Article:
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705 Views 2 Replies Last post: Feb 6, 2013 9:33 AM by MikeHardman RSS
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Feb 4, 2013 9:51 PM

have I found flint tools?

Found these lot near Brandon, south of Grime's Graves on the Norfolk / Suffolk border. I *think* they show signs of working based on what I've been reading, but I'm not sure. Can you help?

 

I forgot to add a ruler into the picture, but the larger piece on the right is 55mm long whereas the 3 pieces to the left are about 30mm.

 

 

IMG_1370.JPG

IMG_1371.JPG

Thanks!

  • Currently Being Moderated
    Feb 6, 2013 7:19 AM (in response to sherpa)
    Re: have I found flint tools?

    They could be but if you found them near the coast the sea could have somth them down so they look like flint tools.

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  • Currently Being Moderated
    Feb 6, 2013 9:33 AM (in response to sherpa)
    Re: have I found flint tools?

    Sherpa,

     

    Nice pieces.

     

    To generalize for a moment:

     

    1. Conchoical fracture surfaces occur when flint (or other amorphous material) is broken naturally or by hand. But thin pieces (like yours) are most likely to be be man-made.

     

    2. Flints are worked (knapped) to make tools (archeological) and dressed to make building stone in some parts of the country (historical).

     

    3. There is a lot of information on archeological flint tools; too much for me to comment on here in general.

    However, flint knapping is a skill, and because of the learning process and mistakes, some pieces that were intended to be tools were discarded; they can be very similar to finished tools, though not as refined.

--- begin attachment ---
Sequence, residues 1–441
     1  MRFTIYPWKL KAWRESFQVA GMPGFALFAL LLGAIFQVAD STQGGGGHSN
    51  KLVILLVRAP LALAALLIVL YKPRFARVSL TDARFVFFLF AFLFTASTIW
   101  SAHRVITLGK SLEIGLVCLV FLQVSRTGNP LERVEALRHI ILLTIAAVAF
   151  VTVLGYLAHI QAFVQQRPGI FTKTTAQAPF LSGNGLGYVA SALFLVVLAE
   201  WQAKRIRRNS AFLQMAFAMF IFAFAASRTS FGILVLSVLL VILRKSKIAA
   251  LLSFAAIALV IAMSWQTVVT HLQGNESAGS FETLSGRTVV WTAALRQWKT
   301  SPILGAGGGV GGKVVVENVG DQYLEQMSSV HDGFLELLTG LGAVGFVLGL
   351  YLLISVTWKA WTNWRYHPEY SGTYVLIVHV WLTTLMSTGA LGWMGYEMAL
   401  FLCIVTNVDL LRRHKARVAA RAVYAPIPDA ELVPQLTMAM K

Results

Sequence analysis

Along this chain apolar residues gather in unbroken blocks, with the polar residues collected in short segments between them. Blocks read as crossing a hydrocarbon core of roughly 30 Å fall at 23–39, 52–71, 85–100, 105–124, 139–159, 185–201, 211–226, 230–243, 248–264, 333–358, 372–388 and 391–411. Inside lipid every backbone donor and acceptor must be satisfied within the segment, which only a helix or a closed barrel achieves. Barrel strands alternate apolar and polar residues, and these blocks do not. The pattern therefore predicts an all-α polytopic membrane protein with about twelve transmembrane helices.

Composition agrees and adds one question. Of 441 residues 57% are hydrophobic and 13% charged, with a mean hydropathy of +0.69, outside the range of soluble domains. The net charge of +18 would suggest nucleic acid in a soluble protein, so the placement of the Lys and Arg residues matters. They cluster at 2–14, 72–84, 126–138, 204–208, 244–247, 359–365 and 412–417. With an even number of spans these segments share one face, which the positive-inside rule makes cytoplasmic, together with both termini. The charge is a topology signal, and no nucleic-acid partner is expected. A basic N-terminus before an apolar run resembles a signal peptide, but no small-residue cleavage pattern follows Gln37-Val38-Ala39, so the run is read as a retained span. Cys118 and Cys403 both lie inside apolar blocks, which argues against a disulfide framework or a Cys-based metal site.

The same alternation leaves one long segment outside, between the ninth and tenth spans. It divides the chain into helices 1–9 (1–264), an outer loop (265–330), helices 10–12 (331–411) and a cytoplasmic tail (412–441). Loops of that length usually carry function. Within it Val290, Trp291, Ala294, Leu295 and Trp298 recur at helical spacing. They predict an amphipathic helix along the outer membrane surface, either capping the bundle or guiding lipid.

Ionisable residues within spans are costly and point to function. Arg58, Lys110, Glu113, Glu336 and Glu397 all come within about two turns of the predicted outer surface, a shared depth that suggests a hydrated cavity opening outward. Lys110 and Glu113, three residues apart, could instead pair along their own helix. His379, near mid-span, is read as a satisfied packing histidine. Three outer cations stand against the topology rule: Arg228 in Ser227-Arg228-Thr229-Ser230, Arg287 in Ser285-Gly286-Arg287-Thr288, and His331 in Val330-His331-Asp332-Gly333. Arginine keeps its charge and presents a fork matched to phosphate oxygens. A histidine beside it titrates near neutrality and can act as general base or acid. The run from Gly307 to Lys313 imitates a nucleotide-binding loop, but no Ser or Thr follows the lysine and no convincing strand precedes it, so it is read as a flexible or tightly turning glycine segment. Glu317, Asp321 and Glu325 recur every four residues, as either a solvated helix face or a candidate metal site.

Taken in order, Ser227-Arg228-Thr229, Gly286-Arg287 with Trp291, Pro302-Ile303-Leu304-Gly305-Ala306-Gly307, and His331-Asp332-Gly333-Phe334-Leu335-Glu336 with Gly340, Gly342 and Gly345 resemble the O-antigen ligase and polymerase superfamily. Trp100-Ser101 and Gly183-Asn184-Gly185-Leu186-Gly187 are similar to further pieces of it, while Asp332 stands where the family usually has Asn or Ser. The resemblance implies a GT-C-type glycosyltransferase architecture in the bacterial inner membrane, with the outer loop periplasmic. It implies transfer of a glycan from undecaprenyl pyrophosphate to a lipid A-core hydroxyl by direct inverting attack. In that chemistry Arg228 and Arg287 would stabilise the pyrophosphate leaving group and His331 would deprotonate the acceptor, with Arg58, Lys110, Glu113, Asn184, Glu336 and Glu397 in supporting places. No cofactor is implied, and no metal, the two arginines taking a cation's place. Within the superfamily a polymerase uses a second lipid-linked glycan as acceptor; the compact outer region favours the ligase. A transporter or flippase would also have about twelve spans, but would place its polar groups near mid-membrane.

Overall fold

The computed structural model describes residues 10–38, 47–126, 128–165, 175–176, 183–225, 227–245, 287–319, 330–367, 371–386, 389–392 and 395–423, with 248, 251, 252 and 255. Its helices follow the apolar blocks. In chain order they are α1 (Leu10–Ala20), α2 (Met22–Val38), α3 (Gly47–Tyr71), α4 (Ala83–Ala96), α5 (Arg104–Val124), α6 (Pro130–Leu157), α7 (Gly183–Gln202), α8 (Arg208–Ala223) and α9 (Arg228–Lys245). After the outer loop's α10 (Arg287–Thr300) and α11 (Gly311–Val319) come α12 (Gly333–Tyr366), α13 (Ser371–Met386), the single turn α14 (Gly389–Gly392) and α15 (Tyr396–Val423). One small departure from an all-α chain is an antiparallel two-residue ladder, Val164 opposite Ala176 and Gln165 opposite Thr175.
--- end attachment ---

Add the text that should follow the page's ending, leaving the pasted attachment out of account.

4. Sometimes, when flints have been dressed into building stone, the small waste pieces are inserted into the pointing (mortar) for decoration or strength; that is called galletting.

    - http://www.flickr.com/photos/richards_stream/3525281670/

    - http://en.wikipedia.org/wiki/Galleting

    - http://www.buildingconservation.com/articles/flint/flint.htm

     

     

    Your specimens:

     

    1. I suspect yours are waste material from flint workings. They could have been intended as tools but were deemed not good enough.

     

    2. Grime's Graves is known for its Neolithic flint mining, as you will be aware -

    http://www.english-heritage.org.uk/daysout/properties/grimes-graves-prehistoric-flint-mine/

    That supports my opinion.

     

    3. Somebody with greater expertise, especially of the Brandon area, please contribute!

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